As a final touch, we’ll add a post-processing pass to apply bloom to our scene. Bloom adds that extra little bit of photographic appeal by simulating volumetric glare from the bright overhead lighting bathing our objects.

I’ll leave information around implementation post-processing within three to the docs and examples. In this sandbox I’ve included the UnrealBloomPass.

Bloom always looks good.

There we have it! Convincingly transparent, textured and reflective 3D objects, rendered in real-time, and without much effort. This deserves to be celebrated, what an empowering experience it is working with MeshPhysicalMaterial.

Drippin ice

Just for fun, let’s crank the dial on this by rendering many of our transparent objects using three‘s InstancedMesh (link).

View on CodeSandbox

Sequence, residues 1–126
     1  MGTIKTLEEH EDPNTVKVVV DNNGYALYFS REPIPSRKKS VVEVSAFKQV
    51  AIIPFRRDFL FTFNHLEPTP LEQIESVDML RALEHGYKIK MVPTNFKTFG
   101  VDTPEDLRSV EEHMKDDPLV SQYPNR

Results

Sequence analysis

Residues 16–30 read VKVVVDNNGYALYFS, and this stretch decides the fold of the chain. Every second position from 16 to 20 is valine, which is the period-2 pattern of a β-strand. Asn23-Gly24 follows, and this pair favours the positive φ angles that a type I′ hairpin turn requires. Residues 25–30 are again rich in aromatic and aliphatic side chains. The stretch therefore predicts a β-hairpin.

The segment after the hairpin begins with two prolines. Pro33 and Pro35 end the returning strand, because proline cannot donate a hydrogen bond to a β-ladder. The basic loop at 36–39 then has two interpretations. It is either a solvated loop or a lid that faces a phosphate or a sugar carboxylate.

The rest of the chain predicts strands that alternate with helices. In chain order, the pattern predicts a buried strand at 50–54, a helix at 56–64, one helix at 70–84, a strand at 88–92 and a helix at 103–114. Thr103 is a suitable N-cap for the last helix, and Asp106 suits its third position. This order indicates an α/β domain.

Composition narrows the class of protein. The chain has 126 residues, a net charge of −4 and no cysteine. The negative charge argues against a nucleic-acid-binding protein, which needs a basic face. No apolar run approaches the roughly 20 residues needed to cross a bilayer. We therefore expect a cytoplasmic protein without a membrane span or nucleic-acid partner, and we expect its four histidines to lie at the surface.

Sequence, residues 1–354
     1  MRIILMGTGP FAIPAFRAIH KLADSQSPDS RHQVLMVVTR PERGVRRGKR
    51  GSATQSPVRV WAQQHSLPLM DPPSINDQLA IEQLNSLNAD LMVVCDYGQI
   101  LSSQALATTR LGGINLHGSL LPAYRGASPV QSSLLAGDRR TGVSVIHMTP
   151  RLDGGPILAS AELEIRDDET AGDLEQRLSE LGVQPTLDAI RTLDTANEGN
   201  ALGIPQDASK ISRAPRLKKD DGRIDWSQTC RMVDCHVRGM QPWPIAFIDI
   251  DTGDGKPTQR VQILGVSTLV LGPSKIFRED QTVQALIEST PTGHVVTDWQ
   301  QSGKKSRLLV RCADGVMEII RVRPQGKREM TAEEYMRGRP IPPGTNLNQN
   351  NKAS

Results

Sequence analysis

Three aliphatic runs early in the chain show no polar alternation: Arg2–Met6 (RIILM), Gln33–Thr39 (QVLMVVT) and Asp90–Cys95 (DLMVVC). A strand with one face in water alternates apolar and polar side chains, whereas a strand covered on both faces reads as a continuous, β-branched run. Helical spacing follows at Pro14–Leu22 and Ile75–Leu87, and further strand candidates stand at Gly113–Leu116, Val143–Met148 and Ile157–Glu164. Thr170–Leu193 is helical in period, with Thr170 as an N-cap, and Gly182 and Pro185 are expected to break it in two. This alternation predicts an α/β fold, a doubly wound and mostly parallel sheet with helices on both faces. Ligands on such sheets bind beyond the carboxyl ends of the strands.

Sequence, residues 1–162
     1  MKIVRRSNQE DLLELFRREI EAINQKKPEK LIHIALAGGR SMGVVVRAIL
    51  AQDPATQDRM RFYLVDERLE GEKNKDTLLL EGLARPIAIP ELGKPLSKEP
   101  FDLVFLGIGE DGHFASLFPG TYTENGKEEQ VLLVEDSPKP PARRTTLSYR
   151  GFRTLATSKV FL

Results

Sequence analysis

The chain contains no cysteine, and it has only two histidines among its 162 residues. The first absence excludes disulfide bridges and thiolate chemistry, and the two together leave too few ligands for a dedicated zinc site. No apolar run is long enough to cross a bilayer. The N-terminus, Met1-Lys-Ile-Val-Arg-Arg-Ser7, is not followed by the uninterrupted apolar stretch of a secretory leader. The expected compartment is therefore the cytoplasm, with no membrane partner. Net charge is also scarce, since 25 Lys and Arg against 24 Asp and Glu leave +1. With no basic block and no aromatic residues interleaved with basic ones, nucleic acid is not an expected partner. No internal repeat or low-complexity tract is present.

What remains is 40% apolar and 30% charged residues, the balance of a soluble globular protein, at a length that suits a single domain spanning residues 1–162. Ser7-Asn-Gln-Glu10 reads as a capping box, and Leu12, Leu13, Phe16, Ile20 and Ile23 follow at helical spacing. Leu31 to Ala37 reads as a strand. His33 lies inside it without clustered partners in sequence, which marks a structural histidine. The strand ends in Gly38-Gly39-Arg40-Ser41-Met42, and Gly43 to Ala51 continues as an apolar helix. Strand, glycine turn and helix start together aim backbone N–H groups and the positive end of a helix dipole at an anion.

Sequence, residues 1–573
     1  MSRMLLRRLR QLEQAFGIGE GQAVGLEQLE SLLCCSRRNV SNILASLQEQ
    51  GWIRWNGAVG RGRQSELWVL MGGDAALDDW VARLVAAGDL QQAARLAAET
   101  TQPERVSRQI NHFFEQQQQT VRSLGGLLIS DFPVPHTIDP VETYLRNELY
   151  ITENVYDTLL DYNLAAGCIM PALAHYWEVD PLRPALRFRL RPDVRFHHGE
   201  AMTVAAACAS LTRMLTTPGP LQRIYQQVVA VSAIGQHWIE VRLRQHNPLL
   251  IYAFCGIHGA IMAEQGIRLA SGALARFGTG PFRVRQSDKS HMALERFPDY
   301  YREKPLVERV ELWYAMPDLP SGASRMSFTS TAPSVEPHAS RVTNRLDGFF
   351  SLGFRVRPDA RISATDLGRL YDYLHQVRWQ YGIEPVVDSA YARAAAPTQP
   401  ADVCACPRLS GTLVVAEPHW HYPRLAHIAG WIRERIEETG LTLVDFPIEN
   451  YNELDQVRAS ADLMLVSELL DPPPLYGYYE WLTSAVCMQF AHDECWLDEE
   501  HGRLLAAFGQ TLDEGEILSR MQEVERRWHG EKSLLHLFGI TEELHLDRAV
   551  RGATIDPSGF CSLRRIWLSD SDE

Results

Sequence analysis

Instances can’t be seen through each other, which is a general limitation of transmission on MeshPhysicalMaterial (current as of r133); but in my opinion the effect is still very cool.

Explore for yourself

Finally, here’s our dragon model with a bunch of material options enabled in the GUI:

View on CodeSandbox

Have a play, check out metalness, play around with color to explore colourful tinted glass, tweak the ior to change our glass into crystal!


I’ve really only scratched the surface of what can be achieved with MeshPhysicalMaterial. There are even more options available within this material, sheen, roughnessMap, transmissionMap, attenuationTint and all sorts of other things provide inroads to many more effects. Dig deep into the docs and source if you’re interested!

This is an enabler, given the creative vision for a transparent object you can use these tools to work towards a convincing result. Transparent materials in three are here, you can start using them in your projects today.


© 2021 Kelly Milligan

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Kelly Milligan

I'm Kelly, an independent Creative Tech-lead and Front-end Developer. I also create generative art in the browser using javascript and canvas, follow me on twitter or check out work at I brew a mean beer and cook a fine meal. I love bicycles, birdlife, and malted barley. I proudly call New Zealand home, it's my favourite place.